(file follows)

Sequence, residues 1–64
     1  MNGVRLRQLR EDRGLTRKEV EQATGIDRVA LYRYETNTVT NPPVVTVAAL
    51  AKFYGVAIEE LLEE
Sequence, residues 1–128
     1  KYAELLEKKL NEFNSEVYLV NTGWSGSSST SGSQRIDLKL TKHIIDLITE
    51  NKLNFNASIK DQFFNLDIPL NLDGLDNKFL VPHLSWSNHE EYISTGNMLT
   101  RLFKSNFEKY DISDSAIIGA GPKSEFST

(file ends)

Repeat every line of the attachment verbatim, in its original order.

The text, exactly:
Sequence, residues 1–64
     1  MNGVRLRQLR EDRGLTRKEV EQATGIDRVA LYRYETNTVT NPPVVTVAAL
    51  AKFYGVAIEE LLEE
Sequence, residues 1–128
     1  KYAELLEKKL NEFNSEVYLV NTGWSGSSST SGSQRIDLKL TKHIIDLITE
    51  NKLNFNASIK DQFFNLDIPL NLDGLDNKFL VPHLSWSNHE EYISTGNMLT
   101  RLFKSNFEKY DISDSAIIGA GPKSEFST